Healthcare CSR Program to a number of exploratory study makes significant
districts outside the capital city and these contribution to the relatively new body of
initiatives are also equally successful. knowledge on CSR in Bangladesh,
especially in the healthcare sector. This
This paper reports the findings of a study will also contribute to improve the
qualitative study on perceptions of CSR by governance, social, ethical and
Islami Bank Bangladesh Limited (IBBL) in environmental condition of the healthcare
the healthcare sector through sector.
1. Bangladesh Bureau of Statistics (BBS 2008), 4. Belal, A. R. (2000b), Environmental reporting
Statistical Pocketbook of Bangladesh. in developing countries: Empirical evidence
Retrieved on 21 March 2010 from from Bangladesh. Eco Management and
http://www.bbs.gov.bd/dataindex/pby/pk_book Auditing, 7(3), 114-121.
5. Belal, A. R. (2001). A study of corporate social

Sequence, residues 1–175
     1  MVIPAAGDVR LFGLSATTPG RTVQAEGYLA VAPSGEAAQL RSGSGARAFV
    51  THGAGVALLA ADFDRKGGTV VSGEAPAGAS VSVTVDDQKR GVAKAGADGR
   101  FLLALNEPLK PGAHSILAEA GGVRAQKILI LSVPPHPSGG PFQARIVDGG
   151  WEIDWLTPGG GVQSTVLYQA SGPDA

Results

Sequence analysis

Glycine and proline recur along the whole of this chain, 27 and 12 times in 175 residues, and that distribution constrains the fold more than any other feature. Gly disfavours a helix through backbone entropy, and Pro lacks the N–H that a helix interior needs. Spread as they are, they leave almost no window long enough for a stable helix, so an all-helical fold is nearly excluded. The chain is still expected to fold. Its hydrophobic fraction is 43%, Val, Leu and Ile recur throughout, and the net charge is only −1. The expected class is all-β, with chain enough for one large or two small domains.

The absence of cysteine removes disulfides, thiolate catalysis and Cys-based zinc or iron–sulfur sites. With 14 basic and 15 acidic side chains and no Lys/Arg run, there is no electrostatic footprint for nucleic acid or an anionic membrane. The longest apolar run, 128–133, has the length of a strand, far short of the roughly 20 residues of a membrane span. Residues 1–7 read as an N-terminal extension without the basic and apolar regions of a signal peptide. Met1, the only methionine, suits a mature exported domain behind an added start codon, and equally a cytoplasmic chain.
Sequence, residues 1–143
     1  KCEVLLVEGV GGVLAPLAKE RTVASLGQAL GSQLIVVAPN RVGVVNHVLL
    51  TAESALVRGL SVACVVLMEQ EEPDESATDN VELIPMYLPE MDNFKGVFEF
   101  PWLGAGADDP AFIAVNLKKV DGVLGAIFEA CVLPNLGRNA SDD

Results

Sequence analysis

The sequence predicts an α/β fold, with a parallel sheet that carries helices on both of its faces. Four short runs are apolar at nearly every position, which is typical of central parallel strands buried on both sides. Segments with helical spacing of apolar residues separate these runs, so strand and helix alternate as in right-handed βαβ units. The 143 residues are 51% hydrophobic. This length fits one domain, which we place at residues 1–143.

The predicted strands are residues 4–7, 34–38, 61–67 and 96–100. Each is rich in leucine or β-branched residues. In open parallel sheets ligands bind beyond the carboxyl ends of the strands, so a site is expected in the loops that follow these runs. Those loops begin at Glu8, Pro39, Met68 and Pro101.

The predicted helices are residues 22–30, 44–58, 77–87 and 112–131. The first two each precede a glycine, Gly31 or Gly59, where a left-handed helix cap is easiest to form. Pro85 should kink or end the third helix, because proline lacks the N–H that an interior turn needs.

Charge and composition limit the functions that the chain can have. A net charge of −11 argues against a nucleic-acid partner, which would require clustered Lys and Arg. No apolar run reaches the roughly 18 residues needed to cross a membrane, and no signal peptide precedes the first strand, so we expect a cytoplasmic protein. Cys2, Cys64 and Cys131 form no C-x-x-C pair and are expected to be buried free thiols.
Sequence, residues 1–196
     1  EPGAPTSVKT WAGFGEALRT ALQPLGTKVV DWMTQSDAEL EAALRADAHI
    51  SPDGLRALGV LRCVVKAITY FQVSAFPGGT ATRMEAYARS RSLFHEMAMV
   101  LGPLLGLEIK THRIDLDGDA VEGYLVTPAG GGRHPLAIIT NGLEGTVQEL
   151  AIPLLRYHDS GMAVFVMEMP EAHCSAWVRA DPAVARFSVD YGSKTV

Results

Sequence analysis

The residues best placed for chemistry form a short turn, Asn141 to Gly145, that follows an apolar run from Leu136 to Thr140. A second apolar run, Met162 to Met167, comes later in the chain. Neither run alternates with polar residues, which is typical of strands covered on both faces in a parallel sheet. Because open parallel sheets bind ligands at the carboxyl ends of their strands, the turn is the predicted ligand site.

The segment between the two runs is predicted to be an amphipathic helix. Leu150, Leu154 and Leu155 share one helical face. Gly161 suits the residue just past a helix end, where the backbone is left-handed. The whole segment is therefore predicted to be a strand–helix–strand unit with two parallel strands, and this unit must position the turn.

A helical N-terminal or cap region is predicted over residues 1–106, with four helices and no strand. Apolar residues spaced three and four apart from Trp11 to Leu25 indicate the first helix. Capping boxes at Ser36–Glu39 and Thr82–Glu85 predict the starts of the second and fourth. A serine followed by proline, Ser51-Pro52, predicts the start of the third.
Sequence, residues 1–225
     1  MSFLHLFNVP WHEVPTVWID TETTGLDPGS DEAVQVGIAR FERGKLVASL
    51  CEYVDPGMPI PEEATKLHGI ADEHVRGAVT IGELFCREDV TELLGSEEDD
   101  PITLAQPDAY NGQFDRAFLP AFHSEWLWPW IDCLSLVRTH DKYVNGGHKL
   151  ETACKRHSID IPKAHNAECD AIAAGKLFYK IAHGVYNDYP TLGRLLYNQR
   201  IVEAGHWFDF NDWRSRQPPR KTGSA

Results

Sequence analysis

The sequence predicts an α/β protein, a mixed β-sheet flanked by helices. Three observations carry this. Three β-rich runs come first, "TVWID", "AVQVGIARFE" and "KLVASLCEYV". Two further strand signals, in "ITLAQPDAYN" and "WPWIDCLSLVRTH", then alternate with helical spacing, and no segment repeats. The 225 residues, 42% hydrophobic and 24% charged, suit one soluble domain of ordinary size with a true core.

2. Belal, A. R. (1999), Corporate social reporting disclosures in Bangladesh. Managerial
in Bangladesh. Social and Environmental Auditing Journal, 16(5), 274.
Accounting 19(1), 8-12.
6. Belal, A. R. (2006), Stakeholders’ Perceptions
3. Belal, A. R. (2000a). Corporate Social of Corporate Social Reporting (CSR) in
Performance Reporting in Bangladesh. Bangladesh. Paper presented at the
Managerial Auditing Journal, 15(3), 133-141.

Shafiqur R, Sadia J, Nicholas M

International Congress of Social and 12. Quazi, A. M., & O'Brien, D. (2000), An
Environmental Accounting Research empirical test of a cross-national model of
corporate social responsibility. Journal of
7. Belal, A. R., & Owen, D. L. (2007), The views Business Ethics, 25, 33.
of corporate managers on the current state of,
and future prospects for, social reporting in 13. Sobhani, F. A., Amran, A., & Zainuddin